The fix to protect against RFD exploits (#18124) introduced a "Content-Disposition:attachment;filename=f.txt" response header for @ResponseBody methods where the URL appears to have an extension that is neither whitelisted by default nor explicitly registered by the application.
By default ".html" is not whitelisted since a controller method returning String can be rendered as any requested content type (since StringHttpMessageConverter accepts "*/*") and in the case of HTML that can lead to XSS and RFD attacks.
However as commented under Spring Boot #4220 we should consider ways to make it straight-forward to render HTML via @ResponseBody when that is the actual intent.
While it's reasonable not to whitelist "html" by default (thus exposing controller methods returning String) we can also eliminate the need to explicitly register ".html" for content negotiation purposes. For example if the mapping includes ".html" or has a produces condition we shouldn't need anything further.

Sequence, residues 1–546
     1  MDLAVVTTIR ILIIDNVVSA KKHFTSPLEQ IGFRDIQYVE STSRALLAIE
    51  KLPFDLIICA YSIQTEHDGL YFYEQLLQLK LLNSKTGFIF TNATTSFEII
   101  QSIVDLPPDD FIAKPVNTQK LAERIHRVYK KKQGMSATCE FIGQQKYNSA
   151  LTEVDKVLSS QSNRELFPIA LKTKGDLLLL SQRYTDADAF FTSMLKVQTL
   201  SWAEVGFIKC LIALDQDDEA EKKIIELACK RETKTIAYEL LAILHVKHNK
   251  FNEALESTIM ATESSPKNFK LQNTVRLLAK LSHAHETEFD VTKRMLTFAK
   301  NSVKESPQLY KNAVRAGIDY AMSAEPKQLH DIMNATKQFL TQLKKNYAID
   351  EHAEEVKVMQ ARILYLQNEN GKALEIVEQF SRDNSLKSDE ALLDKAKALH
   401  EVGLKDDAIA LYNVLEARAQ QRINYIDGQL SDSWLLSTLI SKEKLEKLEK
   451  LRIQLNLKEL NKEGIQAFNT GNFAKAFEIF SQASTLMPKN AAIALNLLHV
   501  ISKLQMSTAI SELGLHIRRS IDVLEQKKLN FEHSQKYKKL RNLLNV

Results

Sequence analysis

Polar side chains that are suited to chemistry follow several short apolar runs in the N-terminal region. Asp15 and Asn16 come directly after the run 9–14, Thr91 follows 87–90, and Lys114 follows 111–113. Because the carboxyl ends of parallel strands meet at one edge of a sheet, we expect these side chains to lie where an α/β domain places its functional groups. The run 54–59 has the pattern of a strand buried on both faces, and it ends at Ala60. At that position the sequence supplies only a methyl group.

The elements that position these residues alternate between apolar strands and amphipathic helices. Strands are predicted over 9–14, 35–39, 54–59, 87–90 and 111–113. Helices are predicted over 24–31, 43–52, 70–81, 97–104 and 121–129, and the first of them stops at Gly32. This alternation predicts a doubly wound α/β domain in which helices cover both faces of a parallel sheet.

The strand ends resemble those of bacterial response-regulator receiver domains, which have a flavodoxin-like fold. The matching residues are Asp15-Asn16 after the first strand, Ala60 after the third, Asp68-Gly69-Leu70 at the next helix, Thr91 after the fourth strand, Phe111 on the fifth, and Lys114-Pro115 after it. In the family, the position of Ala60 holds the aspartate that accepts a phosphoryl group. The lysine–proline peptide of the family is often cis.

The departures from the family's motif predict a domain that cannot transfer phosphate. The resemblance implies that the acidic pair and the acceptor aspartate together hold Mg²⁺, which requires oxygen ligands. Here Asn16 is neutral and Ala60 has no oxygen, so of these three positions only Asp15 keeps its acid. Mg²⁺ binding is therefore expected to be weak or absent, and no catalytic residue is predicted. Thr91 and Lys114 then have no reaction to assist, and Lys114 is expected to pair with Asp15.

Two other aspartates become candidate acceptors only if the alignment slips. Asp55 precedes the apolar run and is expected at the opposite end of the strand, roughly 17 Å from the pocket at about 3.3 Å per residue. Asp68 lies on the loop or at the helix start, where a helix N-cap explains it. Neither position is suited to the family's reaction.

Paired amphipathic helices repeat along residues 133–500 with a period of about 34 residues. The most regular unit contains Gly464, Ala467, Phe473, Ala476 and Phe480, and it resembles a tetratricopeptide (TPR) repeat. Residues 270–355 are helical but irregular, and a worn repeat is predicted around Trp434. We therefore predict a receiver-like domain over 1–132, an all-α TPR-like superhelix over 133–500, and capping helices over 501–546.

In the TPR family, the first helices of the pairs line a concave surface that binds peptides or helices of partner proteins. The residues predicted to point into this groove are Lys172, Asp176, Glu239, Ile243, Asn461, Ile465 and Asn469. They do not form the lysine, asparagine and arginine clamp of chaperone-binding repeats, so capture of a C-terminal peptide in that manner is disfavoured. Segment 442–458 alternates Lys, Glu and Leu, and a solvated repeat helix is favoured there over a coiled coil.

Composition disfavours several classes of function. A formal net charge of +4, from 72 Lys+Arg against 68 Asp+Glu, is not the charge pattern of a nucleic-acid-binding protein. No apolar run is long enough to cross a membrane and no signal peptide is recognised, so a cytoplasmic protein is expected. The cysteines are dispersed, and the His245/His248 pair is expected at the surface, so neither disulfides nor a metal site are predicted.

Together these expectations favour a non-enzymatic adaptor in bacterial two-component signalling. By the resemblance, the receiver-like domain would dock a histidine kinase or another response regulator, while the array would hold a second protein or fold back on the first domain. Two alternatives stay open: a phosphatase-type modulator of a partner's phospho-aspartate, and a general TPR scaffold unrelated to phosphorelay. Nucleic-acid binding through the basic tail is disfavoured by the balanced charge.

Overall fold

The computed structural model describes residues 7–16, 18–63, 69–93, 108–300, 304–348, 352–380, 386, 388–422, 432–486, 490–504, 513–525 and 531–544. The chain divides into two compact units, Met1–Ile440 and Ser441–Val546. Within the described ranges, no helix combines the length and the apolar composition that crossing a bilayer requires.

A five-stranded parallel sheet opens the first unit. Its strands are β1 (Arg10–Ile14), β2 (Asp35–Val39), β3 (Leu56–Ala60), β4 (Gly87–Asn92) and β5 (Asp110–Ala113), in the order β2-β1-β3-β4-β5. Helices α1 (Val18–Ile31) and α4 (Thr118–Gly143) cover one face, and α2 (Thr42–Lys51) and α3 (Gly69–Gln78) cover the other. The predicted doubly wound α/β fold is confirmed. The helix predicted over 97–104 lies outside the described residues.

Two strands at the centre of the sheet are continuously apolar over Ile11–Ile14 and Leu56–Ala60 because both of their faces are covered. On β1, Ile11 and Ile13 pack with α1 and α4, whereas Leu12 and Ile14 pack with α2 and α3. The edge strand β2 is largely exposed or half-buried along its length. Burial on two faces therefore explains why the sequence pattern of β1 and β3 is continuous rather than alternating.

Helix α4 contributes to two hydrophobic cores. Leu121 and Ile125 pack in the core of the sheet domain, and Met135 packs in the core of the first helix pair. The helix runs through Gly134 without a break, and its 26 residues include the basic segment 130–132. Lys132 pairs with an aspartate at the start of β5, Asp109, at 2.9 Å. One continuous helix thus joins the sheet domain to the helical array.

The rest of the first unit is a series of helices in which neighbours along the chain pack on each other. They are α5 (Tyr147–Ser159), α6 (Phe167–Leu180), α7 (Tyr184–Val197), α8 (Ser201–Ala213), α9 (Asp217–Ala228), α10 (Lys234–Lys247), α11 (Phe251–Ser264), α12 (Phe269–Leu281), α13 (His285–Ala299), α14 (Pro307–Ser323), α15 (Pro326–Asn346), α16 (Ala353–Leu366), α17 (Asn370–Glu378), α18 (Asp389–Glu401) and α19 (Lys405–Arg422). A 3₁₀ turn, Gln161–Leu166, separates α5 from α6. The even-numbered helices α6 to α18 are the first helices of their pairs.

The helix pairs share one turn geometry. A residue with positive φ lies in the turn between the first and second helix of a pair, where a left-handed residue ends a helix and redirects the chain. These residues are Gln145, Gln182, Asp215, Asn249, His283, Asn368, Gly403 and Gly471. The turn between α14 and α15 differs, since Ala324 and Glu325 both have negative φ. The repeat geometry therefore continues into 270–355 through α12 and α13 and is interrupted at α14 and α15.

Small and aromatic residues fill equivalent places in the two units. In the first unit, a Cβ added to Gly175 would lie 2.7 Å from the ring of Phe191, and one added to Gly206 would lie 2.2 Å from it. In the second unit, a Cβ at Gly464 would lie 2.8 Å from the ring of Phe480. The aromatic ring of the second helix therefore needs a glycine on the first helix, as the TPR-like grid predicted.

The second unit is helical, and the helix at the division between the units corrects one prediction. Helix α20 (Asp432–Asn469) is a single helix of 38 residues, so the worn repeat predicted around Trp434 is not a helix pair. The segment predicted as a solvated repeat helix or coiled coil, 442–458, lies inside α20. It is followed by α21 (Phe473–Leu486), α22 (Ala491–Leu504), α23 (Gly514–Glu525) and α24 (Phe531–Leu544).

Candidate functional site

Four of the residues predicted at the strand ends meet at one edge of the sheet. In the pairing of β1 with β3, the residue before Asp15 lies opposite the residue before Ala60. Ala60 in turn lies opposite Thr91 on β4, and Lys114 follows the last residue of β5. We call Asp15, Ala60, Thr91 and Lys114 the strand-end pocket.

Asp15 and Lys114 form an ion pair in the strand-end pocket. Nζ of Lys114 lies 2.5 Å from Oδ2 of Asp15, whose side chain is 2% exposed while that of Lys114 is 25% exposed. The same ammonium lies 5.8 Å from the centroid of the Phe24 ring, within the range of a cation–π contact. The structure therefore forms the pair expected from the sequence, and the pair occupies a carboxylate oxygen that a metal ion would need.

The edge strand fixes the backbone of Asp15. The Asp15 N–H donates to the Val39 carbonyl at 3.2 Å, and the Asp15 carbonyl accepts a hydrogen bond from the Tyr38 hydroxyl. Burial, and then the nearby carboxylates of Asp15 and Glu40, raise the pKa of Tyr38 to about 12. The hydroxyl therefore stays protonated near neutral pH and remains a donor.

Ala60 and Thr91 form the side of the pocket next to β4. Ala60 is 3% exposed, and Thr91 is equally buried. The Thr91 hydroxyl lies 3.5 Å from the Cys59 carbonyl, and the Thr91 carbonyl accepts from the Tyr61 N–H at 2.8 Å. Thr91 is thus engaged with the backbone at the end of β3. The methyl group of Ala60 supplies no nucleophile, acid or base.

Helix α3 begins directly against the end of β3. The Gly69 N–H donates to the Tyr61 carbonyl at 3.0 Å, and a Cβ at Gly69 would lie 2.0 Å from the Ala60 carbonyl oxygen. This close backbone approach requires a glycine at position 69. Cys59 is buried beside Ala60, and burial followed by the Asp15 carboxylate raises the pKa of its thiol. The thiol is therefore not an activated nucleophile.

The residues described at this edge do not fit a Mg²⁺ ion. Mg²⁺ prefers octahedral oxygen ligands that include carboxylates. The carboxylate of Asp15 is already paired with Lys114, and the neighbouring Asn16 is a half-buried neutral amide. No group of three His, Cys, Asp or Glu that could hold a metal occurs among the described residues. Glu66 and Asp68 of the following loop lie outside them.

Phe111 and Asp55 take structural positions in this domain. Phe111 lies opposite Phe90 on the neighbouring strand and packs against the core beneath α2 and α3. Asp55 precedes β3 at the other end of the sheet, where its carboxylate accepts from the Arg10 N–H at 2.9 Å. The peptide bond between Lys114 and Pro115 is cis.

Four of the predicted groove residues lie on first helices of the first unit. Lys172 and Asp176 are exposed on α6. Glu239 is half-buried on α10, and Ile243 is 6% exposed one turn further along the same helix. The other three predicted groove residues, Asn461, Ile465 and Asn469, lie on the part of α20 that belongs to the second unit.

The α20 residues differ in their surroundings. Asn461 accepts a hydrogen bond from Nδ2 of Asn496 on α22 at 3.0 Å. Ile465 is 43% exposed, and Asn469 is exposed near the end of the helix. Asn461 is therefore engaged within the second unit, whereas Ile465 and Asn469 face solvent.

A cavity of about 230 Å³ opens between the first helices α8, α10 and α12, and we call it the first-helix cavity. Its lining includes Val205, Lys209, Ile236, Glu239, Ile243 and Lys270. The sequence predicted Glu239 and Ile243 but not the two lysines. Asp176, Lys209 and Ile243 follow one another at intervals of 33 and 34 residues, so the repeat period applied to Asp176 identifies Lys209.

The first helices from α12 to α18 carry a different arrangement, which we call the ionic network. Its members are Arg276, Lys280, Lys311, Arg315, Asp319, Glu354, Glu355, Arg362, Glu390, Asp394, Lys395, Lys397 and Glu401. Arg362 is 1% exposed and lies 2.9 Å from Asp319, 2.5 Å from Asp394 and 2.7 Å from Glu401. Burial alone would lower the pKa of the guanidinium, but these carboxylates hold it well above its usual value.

This now works so that any extension explicitly present in a request mapping is okay. Furthermore, specifically for ".html" in the URL we do allow suffix pattern matching if the method explicitly states that it produces "text/html".